Rangoli is a folk art of India. Patterns of colored rice, dry flour, colored sand, or flower petals are created on the floor of living rooms or courtyards. This is usually done during Indian festivals. They are intended to mark sacred places of greeting to the Hindu deities. The patterns of ancient symbols have been passed down through the centuries from generation to generation, preserving both the artistic form and tradition.
What you should know about rangoli
Rangoli is the application of ornamentation to the exterior walls of a house – especially around the front door – and to the carefully cleared and tamped area in front of the entrance to the house. The types of these designs vary among the different peoples of India, with many going back to the deepest antiquity, to those historical epochs when they were ascribed magical significance and were applied on the ground near altars and places of sacrifice. It is possible to trace a direct connection of some of them with the patterns on the seals and vessels found during the excavations in the Indus valley.
At dawn, when the men were still asleep, women scooped up paint (usually powder paint) in a handful and dribbled it between their fingers in narrow streams. With elusive movements of the hand, they quickly and unmistakably drew a delicate and complex ornament on the floor and on the ground. Sometimes it is one-color, but more often two and three-color, and it takes great skill to clasp the fingers in time, overlapping, where necessary, the trickles of paint. You can even find out how to get rangoli stamp in google pay, so you should understand that this kind of painting is currently very popular all over the world.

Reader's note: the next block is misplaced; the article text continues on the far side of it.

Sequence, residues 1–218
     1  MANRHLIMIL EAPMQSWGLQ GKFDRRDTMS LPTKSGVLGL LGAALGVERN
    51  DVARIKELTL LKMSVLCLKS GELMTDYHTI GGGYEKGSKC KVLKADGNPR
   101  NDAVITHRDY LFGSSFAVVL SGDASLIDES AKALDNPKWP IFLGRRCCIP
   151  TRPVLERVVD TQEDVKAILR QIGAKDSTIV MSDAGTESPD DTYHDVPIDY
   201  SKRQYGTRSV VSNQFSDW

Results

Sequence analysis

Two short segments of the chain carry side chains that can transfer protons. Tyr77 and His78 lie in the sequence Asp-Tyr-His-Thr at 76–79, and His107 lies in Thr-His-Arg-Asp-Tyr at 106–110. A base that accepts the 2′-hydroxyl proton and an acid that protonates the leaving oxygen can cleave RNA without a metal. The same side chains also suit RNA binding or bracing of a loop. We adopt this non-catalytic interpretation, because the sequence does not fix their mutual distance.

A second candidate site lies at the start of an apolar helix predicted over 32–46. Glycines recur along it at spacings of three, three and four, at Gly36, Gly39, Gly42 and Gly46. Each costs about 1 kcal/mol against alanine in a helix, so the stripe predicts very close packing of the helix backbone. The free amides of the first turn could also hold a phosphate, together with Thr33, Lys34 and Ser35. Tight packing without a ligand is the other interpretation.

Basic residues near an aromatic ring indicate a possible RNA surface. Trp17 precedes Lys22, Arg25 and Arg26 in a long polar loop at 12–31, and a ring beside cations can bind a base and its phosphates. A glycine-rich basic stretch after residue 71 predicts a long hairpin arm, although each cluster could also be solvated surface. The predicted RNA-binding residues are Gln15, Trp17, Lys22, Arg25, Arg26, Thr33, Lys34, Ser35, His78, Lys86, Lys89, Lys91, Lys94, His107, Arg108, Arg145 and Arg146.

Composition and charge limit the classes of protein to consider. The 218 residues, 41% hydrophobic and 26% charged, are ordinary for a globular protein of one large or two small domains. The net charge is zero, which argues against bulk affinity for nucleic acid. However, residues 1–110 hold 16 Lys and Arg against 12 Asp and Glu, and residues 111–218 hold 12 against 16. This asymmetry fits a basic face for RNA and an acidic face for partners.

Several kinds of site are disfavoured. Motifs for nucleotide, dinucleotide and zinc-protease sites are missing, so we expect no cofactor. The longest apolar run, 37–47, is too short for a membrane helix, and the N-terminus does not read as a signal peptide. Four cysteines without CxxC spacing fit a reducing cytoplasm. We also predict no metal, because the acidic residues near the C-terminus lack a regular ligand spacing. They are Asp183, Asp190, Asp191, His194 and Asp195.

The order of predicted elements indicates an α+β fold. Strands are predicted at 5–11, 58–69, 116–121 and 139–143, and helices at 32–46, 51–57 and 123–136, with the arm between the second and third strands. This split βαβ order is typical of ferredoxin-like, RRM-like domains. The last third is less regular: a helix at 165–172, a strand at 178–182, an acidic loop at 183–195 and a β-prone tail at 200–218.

Now in the cities began to sell hollow tubes with holes, arranged in a certain order. Sellers pour paint powder into them and roll them on the asphalt. The patterns are lacy, but they are all stripes, whereas real traditional alpona consist of an intricate interweaving of lines in a square, a circle, a star, or any other outline. Tibetan monks use a similar technique to create sand mandalas.
Rangoli is more than just art, it is a traditional prayer, a certain mystery and a reverent process of creating colorful and colorful ornamental drawings out of flowers, rice and rice flour. The art of drawing rangoli is an extremely painstaking and time-consuming work. It should begin with creating a base, which is usually made of sand, marble dust, sawdust, and crumbled bricks. Then the patterns are carefully filled in, mainly with rice flour and colored chalk, and decorated with grains, beads or flowers on top. It is important that there are no broken lines in the rangoli pattern to avoid triggering evil spirits.
The themes and patterns of Rangoli are very diverse: heavenly symbols – the sun, moon, stars, natural elements – flowers (lotus is especially popular), trees, birds, animals, fish; they also depict human figures and geometric elements – circles and semicircles, triangles, squares and rectangles. The arbitrary form is not limited to any canon, but there is a basic understanding of the look of these ornaments.